Trouble was afoot though. Developed nations, including Australia, had agreed under the principle of “common but differentiated responsibility” that they should take the lead in emissions reduction. But the Keating government was not keen, with Treasurer Ralph Willis flagging possible withdrawal from the treaty.

At the first Conference of the Parties, held in March and April 1995 and chaired by a young Angela Merkel, Australia lobbied unsuccessfully against this idea of rich countries taking the lead.

The federal government then used economic modelling by the Australian Bureau of Agriculture and Resource Economics to argue that Australia deserved special treatment. (The modelling, it emerged, was funded largely by fossil fuel interests). Prime Minister John Howard, who was on the record as saying that Australia should never have signed in Rio, tried to get support for what was called “differentiation”, with limited success.

At the 1997 Kyoto meeting, brinkmanship by Australia secured a sweet deal: its agreed emissions “reduction” target was an 8% increase on 1990 levels by 2012, as well as a loophole to allow it to count reductions in land-clearing towards the target.

In September 1998 it emerged that the Howard cabinet had agreed not to ratify Kyoto until the US did. In March 2001, President George W. Bush pulled the US out, citing the “national interest”. On World Environment Day 2002, John Howard – to precisely nobody’s surprise – did the same, with the same reasoning.

After Kyoto came into effect (the Russians signed on, in exchange for World Trade Organisation membership) Bush and Howard set up what was regarded as a spoiler organisation, the short-lived and much derided Asia Pacific Partnership for Clean Development and Climate.

The mood music changed in 2007 with the election of Kevin Rudd, who ratified Kyoto as his first act, but declined to set stronger short-term emissions targets at his first UNFCCC meeting, in Bali.

The lack of ambition in Rudd’s signature climate policy enraged environmentalists, with only a slight increase in emissions reductions if there were a global deal. The Copenhagen debacle, in late 2009, seems to have shaken Rudd to his core (according to accounts by Paul Kelly, Philip Chubb and others), and Rudd fatefully tried to kick climate policy into the long grass.

Next came Julia Gillard, who forged ahead with climate policy not for international reasons but because her minority government’s backers insisted upon it.

Then, under Tony Abbott, Australia’s role in UN climate talks plumbed new depths. No minister attended the 2013 summit in Warsaw, with Greg Hunt too busy abolishing Gillard’s carbon price.

Ahead of the crucial 2015 Paris talks, Australia produced a low target of 26-28% reduction for the 2015 Paris meeting, which was attended by Malcolm Turnbull.

Australia has signed up to the Paris Agreement, just as Trump was elected. In theory this means it is committed to keeping global average temperature rise “well below 1.5℃”. In practice, not so much…

Will we always have Paris?

Trump has now sensationally announced plans to withdraw the US from Paris, citing a desire to renegotiate a deal he claims is bad for the US and arguing that he was elected to govern “Pittsburgh, not Paris”.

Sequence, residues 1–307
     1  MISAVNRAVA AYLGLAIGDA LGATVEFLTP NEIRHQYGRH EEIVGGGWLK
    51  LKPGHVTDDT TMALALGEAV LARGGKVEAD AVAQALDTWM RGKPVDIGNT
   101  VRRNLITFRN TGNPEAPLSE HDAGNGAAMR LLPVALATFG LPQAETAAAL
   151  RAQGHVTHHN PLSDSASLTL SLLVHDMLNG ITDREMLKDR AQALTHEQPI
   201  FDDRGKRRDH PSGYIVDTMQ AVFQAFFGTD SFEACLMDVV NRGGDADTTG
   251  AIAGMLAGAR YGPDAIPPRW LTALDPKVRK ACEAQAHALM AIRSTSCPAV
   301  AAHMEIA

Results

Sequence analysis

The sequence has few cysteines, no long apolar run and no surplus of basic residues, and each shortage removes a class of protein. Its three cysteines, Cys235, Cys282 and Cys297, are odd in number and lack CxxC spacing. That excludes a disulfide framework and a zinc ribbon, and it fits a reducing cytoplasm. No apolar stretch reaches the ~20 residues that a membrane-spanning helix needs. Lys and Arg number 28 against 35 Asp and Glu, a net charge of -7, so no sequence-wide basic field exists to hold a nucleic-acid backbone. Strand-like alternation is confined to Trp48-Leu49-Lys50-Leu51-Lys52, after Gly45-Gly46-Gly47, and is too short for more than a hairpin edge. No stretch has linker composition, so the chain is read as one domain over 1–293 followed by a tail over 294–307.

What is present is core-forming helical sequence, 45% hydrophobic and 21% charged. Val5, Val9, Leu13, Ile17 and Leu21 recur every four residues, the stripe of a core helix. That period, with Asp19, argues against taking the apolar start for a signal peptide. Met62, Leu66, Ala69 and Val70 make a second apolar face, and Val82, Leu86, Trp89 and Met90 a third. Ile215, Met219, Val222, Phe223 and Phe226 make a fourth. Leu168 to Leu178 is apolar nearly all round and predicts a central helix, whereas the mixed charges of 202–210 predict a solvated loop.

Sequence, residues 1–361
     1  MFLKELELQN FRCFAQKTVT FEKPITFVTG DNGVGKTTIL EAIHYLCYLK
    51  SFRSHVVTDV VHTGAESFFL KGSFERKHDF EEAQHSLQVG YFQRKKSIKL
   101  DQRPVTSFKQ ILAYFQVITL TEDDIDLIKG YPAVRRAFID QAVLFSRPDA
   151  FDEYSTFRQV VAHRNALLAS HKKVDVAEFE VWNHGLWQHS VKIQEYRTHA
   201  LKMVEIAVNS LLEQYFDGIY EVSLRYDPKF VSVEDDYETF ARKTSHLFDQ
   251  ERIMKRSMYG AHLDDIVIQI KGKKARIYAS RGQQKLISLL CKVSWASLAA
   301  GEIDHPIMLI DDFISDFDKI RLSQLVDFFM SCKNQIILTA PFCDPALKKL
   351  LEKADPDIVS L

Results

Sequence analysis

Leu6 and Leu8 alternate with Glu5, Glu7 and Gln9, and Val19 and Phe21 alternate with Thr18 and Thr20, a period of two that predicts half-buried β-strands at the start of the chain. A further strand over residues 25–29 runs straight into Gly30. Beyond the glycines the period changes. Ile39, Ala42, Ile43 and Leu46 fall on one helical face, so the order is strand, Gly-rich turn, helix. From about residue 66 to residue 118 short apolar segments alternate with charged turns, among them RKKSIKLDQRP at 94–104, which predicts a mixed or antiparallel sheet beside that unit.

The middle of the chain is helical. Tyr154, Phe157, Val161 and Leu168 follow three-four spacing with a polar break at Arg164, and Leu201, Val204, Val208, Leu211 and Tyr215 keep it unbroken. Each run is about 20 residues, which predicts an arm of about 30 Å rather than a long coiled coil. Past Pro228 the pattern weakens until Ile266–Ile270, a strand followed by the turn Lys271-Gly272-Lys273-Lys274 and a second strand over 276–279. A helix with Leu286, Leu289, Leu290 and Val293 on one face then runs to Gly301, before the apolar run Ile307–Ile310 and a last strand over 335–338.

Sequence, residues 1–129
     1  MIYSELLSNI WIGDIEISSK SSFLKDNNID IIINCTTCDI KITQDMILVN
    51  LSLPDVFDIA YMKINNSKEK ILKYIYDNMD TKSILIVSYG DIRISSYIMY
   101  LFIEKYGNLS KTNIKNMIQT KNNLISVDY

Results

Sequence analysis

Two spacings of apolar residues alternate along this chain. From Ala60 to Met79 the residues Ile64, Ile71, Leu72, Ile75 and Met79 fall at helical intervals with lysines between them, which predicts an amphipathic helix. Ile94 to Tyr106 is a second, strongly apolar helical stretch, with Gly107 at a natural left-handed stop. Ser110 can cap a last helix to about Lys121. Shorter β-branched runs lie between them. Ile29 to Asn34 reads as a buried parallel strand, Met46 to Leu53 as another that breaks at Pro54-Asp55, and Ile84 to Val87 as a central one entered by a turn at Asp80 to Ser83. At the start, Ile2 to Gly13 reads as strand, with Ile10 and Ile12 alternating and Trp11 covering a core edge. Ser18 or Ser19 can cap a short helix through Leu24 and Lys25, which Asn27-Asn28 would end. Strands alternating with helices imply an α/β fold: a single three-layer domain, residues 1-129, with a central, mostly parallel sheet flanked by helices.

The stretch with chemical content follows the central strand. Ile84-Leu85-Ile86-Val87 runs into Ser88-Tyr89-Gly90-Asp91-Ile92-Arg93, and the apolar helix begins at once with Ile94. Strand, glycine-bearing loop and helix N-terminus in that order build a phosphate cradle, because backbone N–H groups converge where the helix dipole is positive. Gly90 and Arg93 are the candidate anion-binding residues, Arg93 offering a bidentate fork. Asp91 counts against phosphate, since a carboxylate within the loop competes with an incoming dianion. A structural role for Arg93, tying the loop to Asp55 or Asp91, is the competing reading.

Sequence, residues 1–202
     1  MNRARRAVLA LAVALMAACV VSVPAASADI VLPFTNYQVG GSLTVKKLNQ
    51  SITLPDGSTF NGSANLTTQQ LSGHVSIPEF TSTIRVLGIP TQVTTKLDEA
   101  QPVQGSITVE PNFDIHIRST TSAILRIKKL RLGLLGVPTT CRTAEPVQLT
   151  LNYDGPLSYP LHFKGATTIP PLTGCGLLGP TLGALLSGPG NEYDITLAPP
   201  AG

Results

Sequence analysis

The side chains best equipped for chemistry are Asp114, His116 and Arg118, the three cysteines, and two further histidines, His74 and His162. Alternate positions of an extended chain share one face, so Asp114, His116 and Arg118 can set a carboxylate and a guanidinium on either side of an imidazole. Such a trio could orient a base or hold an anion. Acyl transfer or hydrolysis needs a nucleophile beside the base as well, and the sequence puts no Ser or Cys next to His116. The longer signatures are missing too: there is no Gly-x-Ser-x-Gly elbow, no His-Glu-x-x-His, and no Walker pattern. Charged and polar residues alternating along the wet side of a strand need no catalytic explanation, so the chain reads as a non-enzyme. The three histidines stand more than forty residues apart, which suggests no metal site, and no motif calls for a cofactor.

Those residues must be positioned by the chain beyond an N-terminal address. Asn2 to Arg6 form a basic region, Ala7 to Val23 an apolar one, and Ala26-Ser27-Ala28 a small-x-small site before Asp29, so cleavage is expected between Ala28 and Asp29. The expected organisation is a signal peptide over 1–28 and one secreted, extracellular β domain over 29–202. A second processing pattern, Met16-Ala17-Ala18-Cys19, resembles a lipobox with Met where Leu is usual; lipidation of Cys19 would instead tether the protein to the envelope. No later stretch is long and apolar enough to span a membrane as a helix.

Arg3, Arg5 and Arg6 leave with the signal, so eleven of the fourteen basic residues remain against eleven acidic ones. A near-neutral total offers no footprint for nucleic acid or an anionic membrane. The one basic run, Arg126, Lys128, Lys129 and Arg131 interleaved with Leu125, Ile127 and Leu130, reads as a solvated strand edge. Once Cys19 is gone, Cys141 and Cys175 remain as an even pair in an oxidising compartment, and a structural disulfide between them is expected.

This is despite the fact that none of the Paris deal’s emissions targets or climate financing commitments are legally binding, and even if the accord could be renegotiated (which it can’t) it is difficult to imagine how the world’s worst cumulative greenhouse polluter could be handed a more favourable outcome.

The Washington Post argued that Trump has already put the brakes on climate action, while Elizabeth Bomberg, writing in the journal Environmental Politics, argues that:

Constitutional checks, societal, local and subnational mobilization, combined with the economic trajectory of low carbon energy, could well offset the President’s moves to dismantle environmental protection and climate policy and action. In the end, Trump’s impact will depend less on what he does, and more on what others do.

Trump was advised by Michaelia Cash not to quit the Paris Agreement, and Australia’s environment minister Josh Frydenberg has said that Australia will stay in.

Opinions vary on the Paris climate deal. On this site Luke Kemp has argued the world would be better off without a recalcitrant US still sitting in the negotiations.

My opinion is that Paris is little more than words anyway – a “pledge and review” retread of the Kyoto Protocol, featuring years of stocktakes while the carbon dioxide relentlessly accumulates in our skies. Where did it all go wrong?

Environmental organisations thought that getting governments to make promises was enough. But it turns out that unless we have monitory democracy, in the words of John Keane, then vested interests can run rings around morality and common sense.

The ConversationThen again, it’s not clear how we could have built the infrastructure of monitoring, on such a long-term and wicked problem, with marches losing their efficacy and activists burning out as they look into the abyss (and the abyss looks back into them)? With the Great Barrier Reef dying, and the scientists saying even the 2℃ target may now be beyond reach, it will soon be hard to mobilise people because they will believe that there is “nothing left to do but scream”.

Marc Hudson, PhD Candidate, Sustainable Consumption Institute, University of Manchester

This article was originally published on The Conversation. Read the original article.

USA Pledges Support to Combat Illegal Wildlife Trafficking


The link below is to an article reporting on a pledge by the USA to support efforts to combat illegal wildlife trafficking in Africa.

For more visit:
http://www.natureworldnews.com/articles/2743/20130701/obama-makes-10m-pledge-combat-illegal-wildlife-trafficking.htm